Grading and reporting of those grades is one of the cornerstones of teaching but not always learning. Tom Guskey shaped my thinking about grading and assessment early on as a teacher and continues to highlight how we can make grading and assessment more reflective of the learning that is happening and where the learner is in their journey. In his book, Get Set, Go!, he identifies 3 types of grading criteria that he says must be distinguished in reporting student performance: product, process, and progress criteria, which relate to academic achievement, cognitive outcomes, and process criteria.
Based on desired competencies or standards, this grade reflects the level of achievement of the desired learning goal or what students are able to demonstrate that they know and can do. This means, it is not an average of multiple scores or conflated with homework, participation or behavior. It should simply reflect their ability to demonstrate mastery of desired skills. For example, on a report card or progress report, you would see the competency or standard and simply met or not met. Can you multiply fractions, balance equations, or analyze a literacy text?
One of the things that I lamented as a teacher was that my students who showed so much growth but had not yet met the standard, didn’t have a way to highlight their progress and be celebrated for their growth in their grades. This is often the reason that behavior and effort get mixed in with mastery or performance grades to account for the growth but they really are separate. I can try really hard to train and run 5 miles and show incredible growth in my endurance and speed but if I can’t actually run 5 miles without stopping, I don’t actually meet the standard. Similarly, my students who started 7th grade at a 2nd grade reading level showed incredible growth to get to 4th-grade levels in a year but they were still not at grade level. My students who were reading at grade level, but didn’t put in much effort were at standard but their growth was minimal. Both are important to track, measure, and reflect upon in the pursuit of ongoing learning and growth.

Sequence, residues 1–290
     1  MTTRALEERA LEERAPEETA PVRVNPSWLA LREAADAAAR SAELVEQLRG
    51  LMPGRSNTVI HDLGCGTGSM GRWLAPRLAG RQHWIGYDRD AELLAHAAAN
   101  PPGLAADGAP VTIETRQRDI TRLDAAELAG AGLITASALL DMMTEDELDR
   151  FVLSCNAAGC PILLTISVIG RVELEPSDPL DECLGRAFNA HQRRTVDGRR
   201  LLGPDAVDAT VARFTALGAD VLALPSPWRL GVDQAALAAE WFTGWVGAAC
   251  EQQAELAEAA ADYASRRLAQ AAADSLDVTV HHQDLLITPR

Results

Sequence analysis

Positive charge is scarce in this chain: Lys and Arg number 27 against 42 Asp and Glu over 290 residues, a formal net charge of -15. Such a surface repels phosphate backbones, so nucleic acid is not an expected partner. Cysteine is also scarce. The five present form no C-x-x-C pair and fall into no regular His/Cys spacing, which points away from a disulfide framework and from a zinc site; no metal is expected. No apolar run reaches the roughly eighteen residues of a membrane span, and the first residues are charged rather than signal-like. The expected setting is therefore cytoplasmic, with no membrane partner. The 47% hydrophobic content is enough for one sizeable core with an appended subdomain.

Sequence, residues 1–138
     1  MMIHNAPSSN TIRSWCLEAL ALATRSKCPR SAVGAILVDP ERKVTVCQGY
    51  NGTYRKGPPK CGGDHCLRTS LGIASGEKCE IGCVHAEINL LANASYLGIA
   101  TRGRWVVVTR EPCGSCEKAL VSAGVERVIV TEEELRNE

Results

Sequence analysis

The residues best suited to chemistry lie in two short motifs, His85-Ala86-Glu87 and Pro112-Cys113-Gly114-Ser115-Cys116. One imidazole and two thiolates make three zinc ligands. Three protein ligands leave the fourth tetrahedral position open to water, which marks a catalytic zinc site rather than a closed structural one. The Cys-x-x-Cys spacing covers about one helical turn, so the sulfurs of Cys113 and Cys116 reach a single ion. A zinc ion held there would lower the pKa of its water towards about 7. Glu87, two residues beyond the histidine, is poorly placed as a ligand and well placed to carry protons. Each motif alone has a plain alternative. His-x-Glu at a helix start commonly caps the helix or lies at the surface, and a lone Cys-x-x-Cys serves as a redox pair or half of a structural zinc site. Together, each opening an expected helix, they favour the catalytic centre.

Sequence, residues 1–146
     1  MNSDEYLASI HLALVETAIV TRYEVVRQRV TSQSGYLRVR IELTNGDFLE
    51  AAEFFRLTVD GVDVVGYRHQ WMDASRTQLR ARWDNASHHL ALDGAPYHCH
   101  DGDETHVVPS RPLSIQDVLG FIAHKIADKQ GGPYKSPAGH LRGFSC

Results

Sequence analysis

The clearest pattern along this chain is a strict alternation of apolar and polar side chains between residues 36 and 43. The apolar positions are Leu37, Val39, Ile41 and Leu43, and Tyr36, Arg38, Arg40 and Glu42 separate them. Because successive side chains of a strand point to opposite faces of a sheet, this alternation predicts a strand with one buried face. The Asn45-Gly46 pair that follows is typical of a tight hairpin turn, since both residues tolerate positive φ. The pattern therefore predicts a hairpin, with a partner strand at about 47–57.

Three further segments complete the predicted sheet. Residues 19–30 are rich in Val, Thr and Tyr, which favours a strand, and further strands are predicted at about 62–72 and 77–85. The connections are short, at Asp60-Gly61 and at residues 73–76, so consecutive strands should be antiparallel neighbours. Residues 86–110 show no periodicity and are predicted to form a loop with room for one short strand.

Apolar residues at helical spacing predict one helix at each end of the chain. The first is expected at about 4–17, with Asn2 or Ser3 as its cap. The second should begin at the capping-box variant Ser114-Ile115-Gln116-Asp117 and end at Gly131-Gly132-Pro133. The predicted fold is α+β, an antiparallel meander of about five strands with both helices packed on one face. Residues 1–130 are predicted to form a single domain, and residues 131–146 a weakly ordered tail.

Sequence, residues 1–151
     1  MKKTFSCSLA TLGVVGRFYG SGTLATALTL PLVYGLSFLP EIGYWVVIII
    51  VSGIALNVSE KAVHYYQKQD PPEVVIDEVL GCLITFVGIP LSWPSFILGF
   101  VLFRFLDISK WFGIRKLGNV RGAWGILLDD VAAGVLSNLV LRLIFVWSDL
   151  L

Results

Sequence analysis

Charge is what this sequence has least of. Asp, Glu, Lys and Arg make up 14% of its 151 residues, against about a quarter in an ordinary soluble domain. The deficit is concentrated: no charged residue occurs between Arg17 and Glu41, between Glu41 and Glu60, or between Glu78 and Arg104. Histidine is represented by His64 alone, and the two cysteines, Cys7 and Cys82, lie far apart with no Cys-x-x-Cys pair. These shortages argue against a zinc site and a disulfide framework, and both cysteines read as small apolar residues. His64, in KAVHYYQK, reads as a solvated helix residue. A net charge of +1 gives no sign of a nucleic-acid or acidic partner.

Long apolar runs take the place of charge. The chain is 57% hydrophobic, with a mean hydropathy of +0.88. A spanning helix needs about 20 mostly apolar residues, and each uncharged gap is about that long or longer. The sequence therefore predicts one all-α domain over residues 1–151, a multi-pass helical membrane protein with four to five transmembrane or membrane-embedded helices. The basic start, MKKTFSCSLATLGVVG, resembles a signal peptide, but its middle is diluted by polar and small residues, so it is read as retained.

Mindsets and habits such as growth mindset, initiative, self-direction, perseverance, planning and organization, goal setting, responsibility, citizenship, empathy and flexibility, and skills are sought after in life and work but rarely taught explicitly in school. Whether or not students develop them has been left to chance in too many cases. More specifically Tom Guskey found that even though the noncognitive skills are absent from the school curriculum, and rarely measured reliably, these same skills are often interconnected to the grades that teachers give. What is also important to note about habits is that measuring these should be different than how you would measure mastery of academic competencies. These habits can be contextual and are rarely mastered. For instance, I have been working on goal setting and if I set and track goals all month, that is evidence that I am showing strong evidence of this habit but it doesn’t mean that I count it as mastered and move on. It is a habit I constantly need to practice, reflect, and evaluate the impact on my performance. Consider a scale of frequency to evaluate such as Rarely, Sometimes, Often rather than a mastery scale to assess these habits for progress reporting measures.
This table outlines what, why and how we can assess and more importantly how we can make students an integral part of the process.
Assessment can (and should) be about growing and learning and instead of being punitive or used as a gotcha moment- I am looking at you “pop quiz”. Over time I have worked with educators to better define the profile of success or competencies and measure what matters. The tendency, that we have to fight against, is to get a rubric and rate students with a number or met or not met on all of the competencies. I have seen time and time again that, based on old habits of grading, it quickly moves from celebrating students’ growth and what they can do to checking the boxes. Instead, when we identify the specific knowledge, skills, and habits that are valued, explicitly teach them and provide guidance to develop them, we can have students reflect on these skills, get peer feedback, and provide evidence of strengths and areas of growth. With clear learning goals, we can bring students into the process to create their own portfolio, self-assess, and capture evidence of their own growth like pictures, pieces of work, anecdotes from the playground, home, or group collaboration that better capture their learning journey and growth over time.
When students know the learning targets, have multiple opportunities to learn, experiment, and refine, they are much more invested. Students should be central to the assessment process, setting goals based on the course and or their current performance and taught to document and share evidence of their own personal goals related to academic mastery, growth, and habits.
The answer is simple: If we let our high stakes test that primarily measures content knowledge and basic skills drive what we do every day in school, we will narrow the curriculum. Instead, we need to allow for learners to engage in authentic tasks and apply skills in ways that matter to them and if we don’t, we will continue to see disengagement and students failing to reach their full potential. When students are behind or lack skills, what they need is more context. They need to understand the purpose of what they are learning instead we reduce their education to drill and kill and never-ending worksheets, and then we wonder why they hate reading or think math is boring. Foundational skills are absolutely necessary, but they won’t master them without the motivation to practice and guidance to improve.
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